Sunday, May 3, 2009

U.S. Constitution Rediscovered

I have said repeatedly that the 4x4 law is wrong. An example of an important course that could be pushed off our children's schedules would be a history elective on the U.S. Constitution.

If you think high school teachers could not teach a course on the US Constitution, I say that with the use of a course from the Teaching Company that our teachers could do it. The Teaching Company has a course, The Great Debate, Advocates and Opponents of the American Constitution by Dr. Thomas Pangle of the University of Texas, Austin, that could serve as the foundation of a course on the Constitution.

Supplementing this lecture would be an examination of the Federalist and Anti-Federalist papers. Morton Borden has matched an Anti-Federalist paper against every Federalist Paper so contrasting views on every Federalist paper can be studied. The class or the teacher could pick some of the Federalist papers, read them and their corresponding Anti-Federalist papers and discuss them.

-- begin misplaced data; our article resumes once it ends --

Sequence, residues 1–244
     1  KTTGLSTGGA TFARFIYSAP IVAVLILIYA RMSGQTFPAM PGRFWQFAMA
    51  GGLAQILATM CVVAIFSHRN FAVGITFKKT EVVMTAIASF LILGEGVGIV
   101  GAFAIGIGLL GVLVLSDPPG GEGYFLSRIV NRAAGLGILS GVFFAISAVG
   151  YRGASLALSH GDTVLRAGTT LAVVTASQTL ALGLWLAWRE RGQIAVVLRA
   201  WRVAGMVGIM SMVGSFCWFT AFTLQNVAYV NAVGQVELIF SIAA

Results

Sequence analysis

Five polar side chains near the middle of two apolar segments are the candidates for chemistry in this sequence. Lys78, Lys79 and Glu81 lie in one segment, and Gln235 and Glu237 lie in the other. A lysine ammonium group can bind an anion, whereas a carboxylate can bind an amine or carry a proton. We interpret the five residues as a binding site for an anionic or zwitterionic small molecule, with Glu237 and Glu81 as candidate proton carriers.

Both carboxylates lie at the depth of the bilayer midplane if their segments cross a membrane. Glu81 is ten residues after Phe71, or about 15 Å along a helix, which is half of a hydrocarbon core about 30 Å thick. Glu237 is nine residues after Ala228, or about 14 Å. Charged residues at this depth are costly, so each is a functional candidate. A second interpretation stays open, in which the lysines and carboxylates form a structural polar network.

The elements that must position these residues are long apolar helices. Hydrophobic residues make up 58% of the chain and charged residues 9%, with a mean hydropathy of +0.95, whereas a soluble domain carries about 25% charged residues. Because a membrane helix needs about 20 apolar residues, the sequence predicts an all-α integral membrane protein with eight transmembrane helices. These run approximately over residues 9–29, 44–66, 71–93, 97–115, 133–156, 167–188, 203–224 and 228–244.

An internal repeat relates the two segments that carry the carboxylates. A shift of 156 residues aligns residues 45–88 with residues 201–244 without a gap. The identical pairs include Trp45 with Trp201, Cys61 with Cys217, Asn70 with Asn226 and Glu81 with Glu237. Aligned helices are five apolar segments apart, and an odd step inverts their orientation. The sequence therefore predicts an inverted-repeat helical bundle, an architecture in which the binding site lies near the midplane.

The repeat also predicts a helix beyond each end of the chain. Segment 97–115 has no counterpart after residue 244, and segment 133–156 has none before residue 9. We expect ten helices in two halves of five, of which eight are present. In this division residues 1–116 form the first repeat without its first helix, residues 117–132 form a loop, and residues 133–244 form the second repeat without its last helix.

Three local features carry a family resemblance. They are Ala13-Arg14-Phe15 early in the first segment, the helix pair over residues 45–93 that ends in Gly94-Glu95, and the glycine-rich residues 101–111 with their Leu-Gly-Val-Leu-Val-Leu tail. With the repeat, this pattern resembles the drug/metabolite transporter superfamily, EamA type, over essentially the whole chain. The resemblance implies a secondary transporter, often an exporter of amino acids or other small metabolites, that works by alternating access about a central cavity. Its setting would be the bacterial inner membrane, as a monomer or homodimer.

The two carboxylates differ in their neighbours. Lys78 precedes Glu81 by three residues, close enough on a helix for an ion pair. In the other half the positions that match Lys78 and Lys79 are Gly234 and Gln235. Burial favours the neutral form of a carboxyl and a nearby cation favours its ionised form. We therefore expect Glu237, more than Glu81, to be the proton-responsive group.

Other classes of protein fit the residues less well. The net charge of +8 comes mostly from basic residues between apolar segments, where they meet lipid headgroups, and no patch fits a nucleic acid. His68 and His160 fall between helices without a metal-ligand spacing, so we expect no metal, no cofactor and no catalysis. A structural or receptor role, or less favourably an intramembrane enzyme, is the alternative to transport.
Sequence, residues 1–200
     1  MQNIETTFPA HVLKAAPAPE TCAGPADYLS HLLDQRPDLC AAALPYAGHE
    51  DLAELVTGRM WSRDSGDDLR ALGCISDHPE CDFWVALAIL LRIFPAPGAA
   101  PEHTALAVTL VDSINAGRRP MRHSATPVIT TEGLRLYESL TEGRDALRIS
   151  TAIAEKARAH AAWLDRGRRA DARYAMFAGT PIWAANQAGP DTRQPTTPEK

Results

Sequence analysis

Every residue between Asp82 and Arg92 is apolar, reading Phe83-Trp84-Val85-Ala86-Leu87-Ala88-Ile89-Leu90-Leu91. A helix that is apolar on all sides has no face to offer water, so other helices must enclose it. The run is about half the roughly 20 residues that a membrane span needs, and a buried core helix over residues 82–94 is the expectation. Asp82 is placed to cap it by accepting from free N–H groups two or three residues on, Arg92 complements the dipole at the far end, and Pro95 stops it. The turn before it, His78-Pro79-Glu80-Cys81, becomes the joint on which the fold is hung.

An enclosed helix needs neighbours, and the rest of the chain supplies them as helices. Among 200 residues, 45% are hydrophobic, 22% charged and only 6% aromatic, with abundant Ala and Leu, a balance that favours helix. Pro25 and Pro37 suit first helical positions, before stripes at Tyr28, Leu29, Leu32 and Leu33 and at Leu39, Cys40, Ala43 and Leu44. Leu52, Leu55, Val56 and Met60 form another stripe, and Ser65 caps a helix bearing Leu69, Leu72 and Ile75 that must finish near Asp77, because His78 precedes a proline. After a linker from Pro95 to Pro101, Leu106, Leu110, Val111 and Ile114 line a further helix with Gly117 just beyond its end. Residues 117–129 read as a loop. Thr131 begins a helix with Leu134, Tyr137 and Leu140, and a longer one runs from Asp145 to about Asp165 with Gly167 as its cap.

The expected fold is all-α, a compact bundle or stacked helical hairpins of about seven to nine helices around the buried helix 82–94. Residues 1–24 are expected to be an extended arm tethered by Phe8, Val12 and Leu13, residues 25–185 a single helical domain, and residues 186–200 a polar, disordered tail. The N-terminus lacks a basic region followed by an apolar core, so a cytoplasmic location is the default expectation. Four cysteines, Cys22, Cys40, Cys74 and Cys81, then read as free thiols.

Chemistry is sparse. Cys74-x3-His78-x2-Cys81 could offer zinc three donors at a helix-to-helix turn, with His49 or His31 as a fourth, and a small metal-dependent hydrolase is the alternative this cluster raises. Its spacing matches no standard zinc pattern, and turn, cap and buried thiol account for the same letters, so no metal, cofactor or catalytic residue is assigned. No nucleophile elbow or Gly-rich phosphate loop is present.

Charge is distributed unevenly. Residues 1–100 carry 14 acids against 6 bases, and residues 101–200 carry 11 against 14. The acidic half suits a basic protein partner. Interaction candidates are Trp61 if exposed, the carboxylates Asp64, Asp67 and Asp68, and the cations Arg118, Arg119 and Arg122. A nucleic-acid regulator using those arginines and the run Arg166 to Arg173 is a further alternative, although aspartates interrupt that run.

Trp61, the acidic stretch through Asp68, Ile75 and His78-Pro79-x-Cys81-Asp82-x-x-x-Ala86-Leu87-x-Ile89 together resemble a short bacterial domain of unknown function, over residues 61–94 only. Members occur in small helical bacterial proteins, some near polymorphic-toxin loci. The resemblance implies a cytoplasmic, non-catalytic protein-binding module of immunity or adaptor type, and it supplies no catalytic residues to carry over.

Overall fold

The best way to study the U.S. Constitution is to go beyond reading the words. The best way to study the meaning of the Constitution is to study the both sides of the argument over the ratification of our Constitution.

In addition, the Plano public library has a video on DVD that could be used in a class on the Constitution: "Key Constitutional Concepts", DVD 342.73029 KEY. This DVD has 3 segments. The 1st segment is inane, but segment #2 on "Gideon vs Wainwright" and segment #3 on "Youngstown vs Sawyer" are educational and intellectually stimulating. I believe there are other resources that could help our students understand and value the U.S. Constitution.

Our Constitution is a national treasure. We should all know it better. Our government will not respect the Constitution if we do not know when the Constitution is being violated and then demand it be followed.

The four-by-four law, requiring a 4th year of Math and a 4th year of Science, will push history electives off our children's schedules. History can be more valuable at times that Science or Math.

We need better leaders for a better future. Understanding and valuing the U.S. Constitution will make for better leaders.

Robert Canright

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